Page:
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Spores of Bacillus subtilis strains with (wild type) or without (α−β−) most DNA-binding α/β-type small, acid-soluble proteins (SASP) were prepared in medium with additional MnCl2 concentrations of 0.3 μM to 1 mM. These haploid spores had Mn levels that varied up to 180-fold and Mn/Fe ratios that varied up to 300-fold. However, the resistance of these spores to desiccation, wet heat, dry heat, and in particular ionizing radiation was unaffected by their level of Mn or their Mn/Fe ratio; this was also the case for wild-type spore resistance to hydrogen peroxide (H2O2). However, α−β− spores were more sensitive to H2O2 when they had high Mn levels and a high Mn/Fe ratio. These results suggest that Mn levels alone are not essential for wild-type bacterial spores' extreme resistance properties, in particular ionizing radiation, although high Mn levels sensitize α−β− spores to H2O2, probably by repressing expression of the auxiliary DNA-protective protein MrgA. Notably, Mn2+ complexed with the abundant spore molecule dipicolinic acid (DPA) with or without inorganic phosphate was very effective at protecting a restriction enzyme against ionizing radiation in vitro, and Ca2+ complexed with DPA and phosphate was also very effective in this regard. These latter data suggest that protein protection in spores against treatments such as ionizing radiation that generate reactive oxygen species may be due in part to the spores' high levels of DPA conjugated to divalent metal ions, predominantly Ca2+, much like high levels of Mn2+ complexed with small molecules protect the bacterium Deinococcus radiodurans against ionizing radiation.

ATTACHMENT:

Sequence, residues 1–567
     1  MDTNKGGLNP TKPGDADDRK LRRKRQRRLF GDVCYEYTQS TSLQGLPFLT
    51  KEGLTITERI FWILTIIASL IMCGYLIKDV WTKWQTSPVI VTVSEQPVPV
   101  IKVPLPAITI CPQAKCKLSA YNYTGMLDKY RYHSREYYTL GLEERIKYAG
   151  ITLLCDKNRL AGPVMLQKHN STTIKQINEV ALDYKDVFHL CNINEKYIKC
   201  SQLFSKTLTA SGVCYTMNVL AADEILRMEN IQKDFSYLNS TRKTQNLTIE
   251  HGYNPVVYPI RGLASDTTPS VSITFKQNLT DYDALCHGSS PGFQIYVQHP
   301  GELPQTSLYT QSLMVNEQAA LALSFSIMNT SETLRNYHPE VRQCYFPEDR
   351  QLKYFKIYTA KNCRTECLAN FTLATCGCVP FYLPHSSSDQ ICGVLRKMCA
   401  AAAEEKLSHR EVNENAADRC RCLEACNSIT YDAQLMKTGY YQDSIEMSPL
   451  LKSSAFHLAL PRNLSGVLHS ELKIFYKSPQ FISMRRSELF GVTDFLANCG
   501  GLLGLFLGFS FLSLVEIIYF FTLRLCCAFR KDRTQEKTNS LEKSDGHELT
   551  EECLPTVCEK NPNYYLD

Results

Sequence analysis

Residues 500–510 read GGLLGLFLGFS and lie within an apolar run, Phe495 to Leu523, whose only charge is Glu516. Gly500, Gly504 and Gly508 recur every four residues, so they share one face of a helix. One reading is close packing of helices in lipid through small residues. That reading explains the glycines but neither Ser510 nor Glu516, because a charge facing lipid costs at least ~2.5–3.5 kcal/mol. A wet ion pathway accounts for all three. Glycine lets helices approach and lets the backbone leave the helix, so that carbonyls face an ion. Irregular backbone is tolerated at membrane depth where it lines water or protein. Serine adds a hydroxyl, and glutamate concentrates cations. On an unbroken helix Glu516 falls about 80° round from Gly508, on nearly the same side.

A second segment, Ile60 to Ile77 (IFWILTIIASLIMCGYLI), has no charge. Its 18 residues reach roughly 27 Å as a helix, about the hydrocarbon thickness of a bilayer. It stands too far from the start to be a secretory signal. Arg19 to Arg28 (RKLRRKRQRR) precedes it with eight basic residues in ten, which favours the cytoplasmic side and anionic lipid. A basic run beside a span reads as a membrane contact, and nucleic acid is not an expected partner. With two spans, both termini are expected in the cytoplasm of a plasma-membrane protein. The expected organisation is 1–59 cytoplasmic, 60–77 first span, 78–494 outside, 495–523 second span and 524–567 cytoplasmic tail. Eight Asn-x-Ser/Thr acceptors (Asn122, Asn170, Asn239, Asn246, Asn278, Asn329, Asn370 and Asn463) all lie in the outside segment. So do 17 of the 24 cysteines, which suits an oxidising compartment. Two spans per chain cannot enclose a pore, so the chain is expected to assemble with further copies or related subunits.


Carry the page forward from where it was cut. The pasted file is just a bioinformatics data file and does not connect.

Spores of Bacillus species are extremely resistant to a variety of harsh treatments, including wet and dry heat, desiccation, toxic chemicals such as peroxides, and UV and gamma irradiation (57, 58). Since spores of some species are vectors of food spoilage and food-borne disease, as well as the disease anthrax, there is continued interest in the causes of the spores' extreme resistance and mechanisms to modulate this resistance. A number of factors have been identified that cause spore resistance, including the following: (i) the thick spore coats; (ii) a low core water content; (iii) the high level of mineral ions in the core complexed with the abundant core small molecule pyridine-2,6-dicarboxylic acid (dipicolinic acid [DPA]) (~20% of core dry weight); (iv) the saturation of spore DNA with a novel group of DNA-binding proteins, the α/β-type small, acid-soluble spore proteins (SASP) (35, 51, 56-58). These latter proteins protect DNA in the spore core so well that spore killing by agents such as wet heat, hydrogen peroxide (H2O2), and other peroxides is not through DNA damage but is likely via damage to one or more spore proteins (12, 13, 47, 58, 64).